The connected car, once a concept, is now a reality and one that offers significant promise for the audience growth to online stations. One company that’s really driving the integration between your car and connectivity is Aha Radio. By the end of 2013, Aha will be installed into vehicles by more than 10 auto manufacturers which in total represent more than 50 percent of all cars sold in the USA/Canada and up to 30 percent in Europe.
Using a cloud based platform, Aha lets the consumer organize their content on their phone and then integrate it with their car. Aha has content partnerships with more than 30,000 stations, including names like AccuRadio, Slacker, Rdio and Deezer. The also are integrated with innovative audio content from location based weather service Custom Weather to targeted content from Men’s Fitness and TV Guide, to Storynory, a service that offers audio content for children.
“Aha lets consumers access their favorite Web content as audio preset buttons wherever they go,” said Robert Acker, VP of Connectivity for Harman. “By connecting people to the web in way that makes sense at 65 MPH Aha is delivering the next-generation of driver connectivity in a format as familiar as radio. We look forward to the day when drivers of any vehicle can safely access their favorite Web content using Aha.”
Streaming news at CES 2013 last week was all about integration into cars, with big announcements from Ford and JacAPPS, Pandora and Chrysler, Livio, Tunein, and lots of others. The news about Sprint and Nextradio is big as well.
Connected cars are a reality now, and Pandora has played a large part in that evolution. Pandora’s been concentrating on getting their service integrated into connected devices for a long time, and their efforts have had a very large impact. They’ve led a coordinated effort which can take a lot of credit for the high level of interest in connected cars at this year’s CES. Sure, lots of companies are enjoying the advantage of that increased buzz, that’s how it works – pioneers lead the way, open the doors, and others follow, and hopefully flourish.
I’ve said it before and I think it bears repeating – the Internet radio industry has benefitted enormously from having a giant like Pandora in the space. They’ve generated lots of buzz and innovation that others have and will continue to benefit from in terms of listeners as well as technology. This Techcrunch interview with Pandora CTO Tom Conrad offers a nice overview of where they have come from, and how they do it.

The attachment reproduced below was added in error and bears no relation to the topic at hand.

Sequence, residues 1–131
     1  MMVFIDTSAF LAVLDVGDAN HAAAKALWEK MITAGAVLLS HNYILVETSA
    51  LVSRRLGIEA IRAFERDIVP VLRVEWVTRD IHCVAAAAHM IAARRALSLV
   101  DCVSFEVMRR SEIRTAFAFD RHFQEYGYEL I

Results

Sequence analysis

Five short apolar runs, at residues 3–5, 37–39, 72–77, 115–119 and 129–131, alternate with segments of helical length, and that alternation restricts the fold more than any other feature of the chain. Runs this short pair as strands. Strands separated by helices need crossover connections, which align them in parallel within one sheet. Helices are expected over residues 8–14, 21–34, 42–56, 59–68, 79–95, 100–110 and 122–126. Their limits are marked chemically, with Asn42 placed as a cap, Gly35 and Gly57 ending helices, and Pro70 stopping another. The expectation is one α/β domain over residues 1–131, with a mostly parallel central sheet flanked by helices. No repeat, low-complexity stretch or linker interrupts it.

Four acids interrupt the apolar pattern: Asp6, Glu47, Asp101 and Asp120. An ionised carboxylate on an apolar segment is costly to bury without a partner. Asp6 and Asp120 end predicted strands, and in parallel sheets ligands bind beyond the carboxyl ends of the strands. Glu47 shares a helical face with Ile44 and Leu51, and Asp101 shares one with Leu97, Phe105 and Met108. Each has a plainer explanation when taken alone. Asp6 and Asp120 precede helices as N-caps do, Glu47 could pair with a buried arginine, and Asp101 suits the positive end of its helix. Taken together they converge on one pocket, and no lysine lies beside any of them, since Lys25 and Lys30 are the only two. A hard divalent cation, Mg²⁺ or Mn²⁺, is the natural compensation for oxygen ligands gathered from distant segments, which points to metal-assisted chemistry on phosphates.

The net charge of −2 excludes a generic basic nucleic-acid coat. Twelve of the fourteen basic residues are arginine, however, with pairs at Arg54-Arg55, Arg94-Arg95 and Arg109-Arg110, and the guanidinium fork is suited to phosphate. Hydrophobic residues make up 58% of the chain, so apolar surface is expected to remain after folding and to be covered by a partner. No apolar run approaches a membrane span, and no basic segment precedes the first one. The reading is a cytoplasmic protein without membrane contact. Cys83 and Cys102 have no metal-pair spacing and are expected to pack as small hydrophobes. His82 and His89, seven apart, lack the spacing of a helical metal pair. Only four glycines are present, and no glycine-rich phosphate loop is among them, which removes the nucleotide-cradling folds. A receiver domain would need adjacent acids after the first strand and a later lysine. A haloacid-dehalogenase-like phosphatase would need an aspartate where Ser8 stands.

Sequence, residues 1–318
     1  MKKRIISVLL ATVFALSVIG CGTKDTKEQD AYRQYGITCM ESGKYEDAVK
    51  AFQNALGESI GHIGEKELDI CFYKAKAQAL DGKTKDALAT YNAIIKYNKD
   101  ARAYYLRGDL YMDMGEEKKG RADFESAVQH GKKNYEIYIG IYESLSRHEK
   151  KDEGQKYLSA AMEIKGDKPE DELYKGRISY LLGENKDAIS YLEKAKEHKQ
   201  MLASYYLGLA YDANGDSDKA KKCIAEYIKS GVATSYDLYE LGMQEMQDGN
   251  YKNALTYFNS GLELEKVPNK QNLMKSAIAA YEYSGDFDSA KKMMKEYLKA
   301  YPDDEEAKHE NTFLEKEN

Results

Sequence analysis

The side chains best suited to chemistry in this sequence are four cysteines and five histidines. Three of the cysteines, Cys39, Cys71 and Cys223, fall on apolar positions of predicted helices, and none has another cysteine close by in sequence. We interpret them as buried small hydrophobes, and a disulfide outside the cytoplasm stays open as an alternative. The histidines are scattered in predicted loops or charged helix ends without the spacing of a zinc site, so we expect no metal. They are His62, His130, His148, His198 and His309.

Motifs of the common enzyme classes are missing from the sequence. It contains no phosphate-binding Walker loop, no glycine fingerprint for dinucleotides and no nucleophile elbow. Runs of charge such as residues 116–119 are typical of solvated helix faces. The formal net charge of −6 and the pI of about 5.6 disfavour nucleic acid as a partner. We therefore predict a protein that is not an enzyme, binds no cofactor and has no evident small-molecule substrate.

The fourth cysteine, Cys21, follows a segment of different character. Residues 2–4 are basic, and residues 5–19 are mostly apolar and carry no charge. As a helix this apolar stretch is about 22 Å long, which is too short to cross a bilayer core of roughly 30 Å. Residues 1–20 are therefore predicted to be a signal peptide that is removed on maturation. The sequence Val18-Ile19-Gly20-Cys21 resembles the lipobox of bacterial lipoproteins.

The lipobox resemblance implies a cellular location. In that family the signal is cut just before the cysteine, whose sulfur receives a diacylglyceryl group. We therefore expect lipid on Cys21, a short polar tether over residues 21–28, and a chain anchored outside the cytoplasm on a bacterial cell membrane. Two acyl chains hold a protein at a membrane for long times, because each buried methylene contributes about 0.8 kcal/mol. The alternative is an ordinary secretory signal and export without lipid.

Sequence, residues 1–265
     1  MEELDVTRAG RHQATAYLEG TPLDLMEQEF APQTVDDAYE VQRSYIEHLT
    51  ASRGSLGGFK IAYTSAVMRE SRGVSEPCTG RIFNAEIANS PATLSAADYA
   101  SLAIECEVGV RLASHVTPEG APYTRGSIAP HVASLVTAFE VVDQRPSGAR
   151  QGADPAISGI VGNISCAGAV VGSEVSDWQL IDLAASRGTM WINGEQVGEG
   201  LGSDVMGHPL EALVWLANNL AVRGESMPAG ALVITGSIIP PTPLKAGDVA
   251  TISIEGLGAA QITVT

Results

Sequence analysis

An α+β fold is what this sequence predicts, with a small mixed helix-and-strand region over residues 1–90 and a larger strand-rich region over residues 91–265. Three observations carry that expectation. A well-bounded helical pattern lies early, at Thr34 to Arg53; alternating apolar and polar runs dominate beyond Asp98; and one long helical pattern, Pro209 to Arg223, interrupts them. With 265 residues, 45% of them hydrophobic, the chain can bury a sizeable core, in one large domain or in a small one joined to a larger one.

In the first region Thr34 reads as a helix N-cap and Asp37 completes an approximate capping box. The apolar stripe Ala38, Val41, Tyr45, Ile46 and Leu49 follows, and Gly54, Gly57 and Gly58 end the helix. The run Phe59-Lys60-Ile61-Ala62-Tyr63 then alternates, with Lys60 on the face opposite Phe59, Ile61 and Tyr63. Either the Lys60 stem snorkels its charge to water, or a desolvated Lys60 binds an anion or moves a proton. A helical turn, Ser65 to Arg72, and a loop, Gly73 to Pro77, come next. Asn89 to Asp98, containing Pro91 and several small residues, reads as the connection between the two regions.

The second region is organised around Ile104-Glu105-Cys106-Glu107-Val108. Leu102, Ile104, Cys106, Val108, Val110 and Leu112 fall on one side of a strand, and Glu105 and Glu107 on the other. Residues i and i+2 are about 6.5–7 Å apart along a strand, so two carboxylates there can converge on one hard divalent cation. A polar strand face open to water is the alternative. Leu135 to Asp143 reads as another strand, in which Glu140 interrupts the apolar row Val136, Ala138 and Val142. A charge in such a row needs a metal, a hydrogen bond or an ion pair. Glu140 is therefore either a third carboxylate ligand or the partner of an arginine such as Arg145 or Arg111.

It’s CES week, something that you probably aren’t aware of only if you live in a cave, because digital and devices news coming out of Vegas is fast and furious. There are always interesting announcements about the streaming audio space from CES. The first one to grab my attention came from a press release from JacAPPS, a radio focused app builder that will be the recommended mobile app development house for their new Ford Developer Program.
This is a big deal. Ford announced yesterday that they will “launch an open developer program that enables software developers to directly interface with the vehicle and create apps that will enhance the driving experience.” They become the first car manufacturer to offer an open api platform and invite anyone to create apps for it.
In particular, Ford is putting the focus on voice activated apps. “Offering voice control so drivers can keep their hands on the wheel and eyes on the road has proven to be popular with our customers. Now, with an even faster adoption rate of smartphones, there is a need for a renewed focus on voice control for the unique capabilities of these devices, especially for the use of apps.” said Hau Thai-Tang, vice president of Engineering, Ford Global Product Development.
Developers who have a great idea for an app but need some help building it can turn to jacAPPS who will be the recommended mobile app development house for the Ford Developer Program. The company has been chosen to provide development and technical support to third-party developers wanting to create voice-activated smartphone apps for Ford SYNC AppLink.
jacAPPS will provide support for all developers interested in integrating their apps with the SYNC© AppLink™ system for voice commands and other functionality. “We have been training and testing apps on the system for several months and we’re available to help the radio industry and all mobile app developers become major players on the connected car dashboard,” says president Fred Jacobs, while at the same time announcing that Greater Media stations will be the first fully integrated in the new platform.
- Ford Launches App Developer Program Marking New Course for Customer-Driven Innovation and Value Creation (sys-con.com)
- jacAPPS Chosen To Support Ford Developer Program; Debuts Mobile Apps For Greater Media Stations (allaccess.com)
- Ford introduces 9 new apps for the car at CES 2013 – @CNET (ces.cnet.com)